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Licorice

Licorice, also spelled liquorice, has the distinction of containing the largest number of anti-fungal compounds of just about any herb or spice. It has at least 25 fungicidal compounds, whereas garlic has only 10 even though they're quite potent.

Besides its anti-fungal capabilities, it Supports the adrenal glands, Provides lymphatic energy, and supports the liver and proper sugar balance. Traditional herbalists use liquorice root as a general tonic and for respiratory support. It also supports the liver.

Most Chinese herb combinations use liquorice to balance the other herbs and to promote vitality. It has a reputation for helping the entire body maintain balance (particularly helpful to women who menstruate) and for promoting well-being. Liquorice contains triterpenoid saponins, flavonoids, isoflavonoids, magnesium, silicon, sodium and other beneficial constituents.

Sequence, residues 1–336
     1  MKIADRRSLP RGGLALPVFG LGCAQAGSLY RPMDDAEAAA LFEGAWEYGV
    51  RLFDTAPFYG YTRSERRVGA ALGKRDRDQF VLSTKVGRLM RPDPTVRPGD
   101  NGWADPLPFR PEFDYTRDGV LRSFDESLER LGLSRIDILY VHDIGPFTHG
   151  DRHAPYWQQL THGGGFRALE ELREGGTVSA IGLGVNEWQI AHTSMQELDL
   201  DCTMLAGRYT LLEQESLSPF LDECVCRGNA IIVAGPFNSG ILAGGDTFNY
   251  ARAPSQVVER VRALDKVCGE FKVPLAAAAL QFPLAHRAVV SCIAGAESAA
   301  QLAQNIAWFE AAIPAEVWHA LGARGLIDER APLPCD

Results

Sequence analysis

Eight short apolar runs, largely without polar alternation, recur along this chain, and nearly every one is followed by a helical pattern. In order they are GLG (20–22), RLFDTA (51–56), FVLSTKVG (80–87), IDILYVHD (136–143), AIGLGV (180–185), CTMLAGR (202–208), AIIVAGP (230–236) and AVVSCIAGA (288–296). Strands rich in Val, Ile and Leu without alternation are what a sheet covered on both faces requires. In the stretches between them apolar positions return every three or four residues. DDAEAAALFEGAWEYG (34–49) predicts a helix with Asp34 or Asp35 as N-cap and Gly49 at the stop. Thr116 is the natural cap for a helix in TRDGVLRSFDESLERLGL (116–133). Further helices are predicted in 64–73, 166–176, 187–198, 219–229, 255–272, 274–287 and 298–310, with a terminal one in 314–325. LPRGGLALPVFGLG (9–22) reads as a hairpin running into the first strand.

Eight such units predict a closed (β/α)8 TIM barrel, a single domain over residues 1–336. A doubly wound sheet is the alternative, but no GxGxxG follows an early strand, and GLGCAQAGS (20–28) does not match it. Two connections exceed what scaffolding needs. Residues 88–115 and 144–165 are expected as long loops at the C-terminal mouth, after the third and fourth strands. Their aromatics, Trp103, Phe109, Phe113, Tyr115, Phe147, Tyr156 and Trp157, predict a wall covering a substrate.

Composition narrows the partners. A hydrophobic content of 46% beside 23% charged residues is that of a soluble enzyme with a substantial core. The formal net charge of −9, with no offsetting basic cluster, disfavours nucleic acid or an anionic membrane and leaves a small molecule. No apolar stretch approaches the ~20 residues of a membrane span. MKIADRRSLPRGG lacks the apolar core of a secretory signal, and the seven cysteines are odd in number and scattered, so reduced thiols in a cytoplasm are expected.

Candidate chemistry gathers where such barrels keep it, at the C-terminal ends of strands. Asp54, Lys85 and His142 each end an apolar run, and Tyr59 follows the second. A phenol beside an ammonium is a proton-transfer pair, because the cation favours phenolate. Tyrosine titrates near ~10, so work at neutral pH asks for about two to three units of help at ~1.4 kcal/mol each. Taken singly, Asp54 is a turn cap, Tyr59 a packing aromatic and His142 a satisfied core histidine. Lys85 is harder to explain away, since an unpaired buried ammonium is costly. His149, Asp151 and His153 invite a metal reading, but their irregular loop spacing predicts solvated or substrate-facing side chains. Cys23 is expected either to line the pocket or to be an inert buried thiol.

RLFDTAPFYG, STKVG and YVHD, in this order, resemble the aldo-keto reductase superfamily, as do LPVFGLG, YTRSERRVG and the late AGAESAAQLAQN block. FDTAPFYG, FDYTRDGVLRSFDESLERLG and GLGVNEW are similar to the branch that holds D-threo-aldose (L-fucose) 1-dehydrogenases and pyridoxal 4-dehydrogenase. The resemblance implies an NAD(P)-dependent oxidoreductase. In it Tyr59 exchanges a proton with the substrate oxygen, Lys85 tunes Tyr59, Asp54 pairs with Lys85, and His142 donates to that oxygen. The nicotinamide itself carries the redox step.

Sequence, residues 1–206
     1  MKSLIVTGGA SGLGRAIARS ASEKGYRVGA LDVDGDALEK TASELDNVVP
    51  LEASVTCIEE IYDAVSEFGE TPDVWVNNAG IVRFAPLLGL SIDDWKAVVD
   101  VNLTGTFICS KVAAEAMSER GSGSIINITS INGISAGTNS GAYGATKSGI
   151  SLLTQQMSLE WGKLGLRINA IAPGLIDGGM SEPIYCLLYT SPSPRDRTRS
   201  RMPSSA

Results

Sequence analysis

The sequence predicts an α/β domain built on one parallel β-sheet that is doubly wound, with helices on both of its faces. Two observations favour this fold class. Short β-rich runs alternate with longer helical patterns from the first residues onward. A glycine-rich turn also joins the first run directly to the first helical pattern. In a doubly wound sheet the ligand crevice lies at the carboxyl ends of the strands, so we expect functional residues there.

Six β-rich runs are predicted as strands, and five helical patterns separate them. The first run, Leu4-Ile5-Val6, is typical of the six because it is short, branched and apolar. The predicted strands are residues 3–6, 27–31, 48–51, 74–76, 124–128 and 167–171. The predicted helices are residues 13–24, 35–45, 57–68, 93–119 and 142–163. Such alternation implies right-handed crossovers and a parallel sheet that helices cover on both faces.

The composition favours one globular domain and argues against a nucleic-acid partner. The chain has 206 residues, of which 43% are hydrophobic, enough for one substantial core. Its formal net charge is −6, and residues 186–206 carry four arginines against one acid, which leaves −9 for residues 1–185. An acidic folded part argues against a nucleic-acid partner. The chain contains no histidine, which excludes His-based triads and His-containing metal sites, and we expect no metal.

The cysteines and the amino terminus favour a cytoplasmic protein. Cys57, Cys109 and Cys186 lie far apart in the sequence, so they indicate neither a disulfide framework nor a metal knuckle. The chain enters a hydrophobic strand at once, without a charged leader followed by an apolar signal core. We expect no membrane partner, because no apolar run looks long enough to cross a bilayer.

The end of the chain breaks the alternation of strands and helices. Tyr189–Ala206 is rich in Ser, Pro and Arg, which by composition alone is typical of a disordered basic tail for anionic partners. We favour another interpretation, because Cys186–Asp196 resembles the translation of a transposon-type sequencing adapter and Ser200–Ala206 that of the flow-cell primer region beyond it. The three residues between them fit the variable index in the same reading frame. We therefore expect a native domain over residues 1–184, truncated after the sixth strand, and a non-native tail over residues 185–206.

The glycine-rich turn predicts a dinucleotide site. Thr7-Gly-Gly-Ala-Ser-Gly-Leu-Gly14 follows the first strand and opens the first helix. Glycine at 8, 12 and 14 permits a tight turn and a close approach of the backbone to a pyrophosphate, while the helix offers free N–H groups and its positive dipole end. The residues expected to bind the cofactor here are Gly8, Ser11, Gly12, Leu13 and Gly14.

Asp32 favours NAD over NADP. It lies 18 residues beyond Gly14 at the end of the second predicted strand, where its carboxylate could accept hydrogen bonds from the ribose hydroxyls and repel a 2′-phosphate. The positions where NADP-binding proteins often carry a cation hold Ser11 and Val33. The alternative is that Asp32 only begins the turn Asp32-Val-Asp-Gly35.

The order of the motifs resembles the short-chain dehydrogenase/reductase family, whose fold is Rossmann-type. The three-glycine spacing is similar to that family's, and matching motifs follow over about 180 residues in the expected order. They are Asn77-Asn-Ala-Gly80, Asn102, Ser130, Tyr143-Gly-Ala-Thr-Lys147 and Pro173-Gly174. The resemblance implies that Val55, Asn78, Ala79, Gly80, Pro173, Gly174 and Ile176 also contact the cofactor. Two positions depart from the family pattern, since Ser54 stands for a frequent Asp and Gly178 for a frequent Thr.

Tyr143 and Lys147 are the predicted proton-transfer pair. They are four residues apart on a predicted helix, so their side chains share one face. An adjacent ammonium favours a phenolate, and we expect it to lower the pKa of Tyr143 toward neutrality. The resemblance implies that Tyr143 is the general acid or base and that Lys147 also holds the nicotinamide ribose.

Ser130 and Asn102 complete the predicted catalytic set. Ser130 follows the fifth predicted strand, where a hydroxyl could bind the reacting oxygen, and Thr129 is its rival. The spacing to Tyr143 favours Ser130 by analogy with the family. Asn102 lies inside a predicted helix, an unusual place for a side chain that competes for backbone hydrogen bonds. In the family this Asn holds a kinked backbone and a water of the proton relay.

In Chinese practices, because of its antifungal action, it's often used for ringworm. You might want to open a few capsules a liquorice and add them to your foot bath, or add a splash of herbal liquorice extract, (not the flavoring agent available in your bakery aisle at the market)

You can also use the extract applied directly to the athlete's foot, applying it with again a cotton ball, or a washcloth. This could be done several times a day, and as always add a few drops of tea tree oil to help your body absorb the liquorice extracts and antifungal agents more quickly.